|How can I help children appreciate diversity?
You can help children embrace differences by exposing them to diversity as early as possible. This can be a natural part of everyday living as children develop relationships outside their family. Answer children’s questions about differences openly and honestly as they come up, and if answers are not known, seek out the answers. Another way to ensure diversity in children’s lives is to choose toys, books and media that reflect all types of people (e.g., include images of people with a variety of backgrounds, ages, abilities, characters that break stereotypes about men and women, art supplies in a wide range of skin, eye and hair colors). (Bias-Free Foundations: Early Childhood Activities for Families, 2001, 8).
Helping children learn to feel positive about themselves and others can also help them develop comfort with human differences. Children with a strong sense of self are less likely to put others down, a behavior that over time, can lead to prejudice. “Children that have poor self-images are more vulnerable to developing prejudices. They may try to bolster their own worth by finding a group of people who they can put down. An insecure child might think, ‘I may not be very good, but I am better than those people. For some, putting down others may serve a psychological function, allowing them to feel more important and powerful than those they put down” (What To Tell Your Child About Prejudice and Discrimination, 1997).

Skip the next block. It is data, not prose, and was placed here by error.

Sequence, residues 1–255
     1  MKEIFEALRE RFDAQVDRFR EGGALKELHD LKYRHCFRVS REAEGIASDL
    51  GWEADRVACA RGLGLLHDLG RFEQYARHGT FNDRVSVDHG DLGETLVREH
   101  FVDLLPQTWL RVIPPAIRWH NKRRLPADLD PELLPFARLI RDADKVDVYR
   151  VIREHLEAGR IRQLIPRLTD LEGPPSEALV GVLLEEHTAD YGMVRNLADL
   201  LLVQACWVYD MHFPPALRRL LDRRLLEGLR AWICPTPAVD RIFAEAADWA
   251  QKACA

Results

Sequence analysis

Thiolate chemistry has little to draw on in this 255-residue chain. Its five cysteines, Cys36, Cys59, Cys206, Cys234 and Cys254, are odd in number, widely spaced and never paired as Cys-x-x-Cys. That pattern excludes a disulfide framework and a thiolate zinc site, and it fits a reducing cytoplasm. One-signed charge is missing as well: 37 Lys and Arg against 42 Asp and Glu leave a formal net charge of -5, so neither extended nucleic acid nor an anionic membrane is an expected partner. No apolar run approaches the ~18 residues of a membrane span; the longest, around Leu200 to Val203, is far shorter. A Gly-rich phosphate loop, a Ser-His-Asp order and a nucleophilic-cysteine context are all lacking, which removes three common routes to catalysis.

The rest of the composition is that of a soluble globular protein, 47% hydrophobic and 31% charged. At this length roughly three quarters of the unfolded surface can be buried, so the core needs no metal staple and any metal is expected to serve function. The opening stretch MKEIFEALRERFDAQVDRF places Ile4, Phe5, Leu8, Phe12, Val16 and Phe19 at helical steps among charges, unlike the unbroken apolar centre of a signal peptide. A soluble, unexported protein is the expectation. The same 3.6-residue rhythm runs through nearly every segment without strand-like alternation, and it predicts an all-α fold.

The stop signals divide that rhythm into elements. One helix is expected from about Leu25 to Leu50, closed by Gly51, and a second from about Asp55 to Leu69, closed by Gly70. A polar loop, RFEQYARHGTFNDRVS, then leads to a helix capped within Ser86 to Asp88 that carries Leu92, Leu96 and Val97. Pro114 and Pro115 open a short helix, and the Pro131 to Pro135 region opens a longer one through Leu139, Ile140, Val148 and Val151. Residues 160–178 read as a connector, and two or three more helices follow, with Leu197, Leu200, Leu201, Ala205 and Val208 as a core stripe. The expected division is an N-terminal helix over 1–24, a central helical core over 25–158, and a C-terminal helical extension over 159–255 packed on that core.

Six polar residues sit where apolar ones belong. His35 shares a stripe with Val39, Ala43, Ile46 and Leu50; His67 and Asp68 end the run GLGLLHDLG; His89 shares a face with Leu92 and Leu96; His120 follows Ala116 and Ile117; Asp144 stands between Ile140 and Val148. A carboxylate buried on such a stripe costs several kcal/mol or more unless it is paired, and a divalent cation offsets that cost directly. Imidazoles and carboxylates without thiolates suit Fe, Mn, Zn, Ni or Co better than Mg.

As children get older, support their curiosity about the diversity in the world by providing them with accurate, age-appropriate information when they ask questions and/or point out differences. For tips on how to do so, stay tuned to future editions of this advice column and/or find out more about ADL’s training and resources on this topic via www.adl.org/education.
- Teaching children to value the things that make people different and similar will assist the development of healthy self-esteem. Creating a diversity-rich atmosphere for children is important because what is included in their environment, as well as what is absent, sends indirect messages to children about who and what is important. As stated in NAEYC’s Teaching Young Children to Resist Bias, “Building a healthy self-identify is a process that continues all our lives. Help children get a head start by teaching them to resist bias and to value the differences between people as much as the similarities” (www.naeyc.org/ece/1997/10).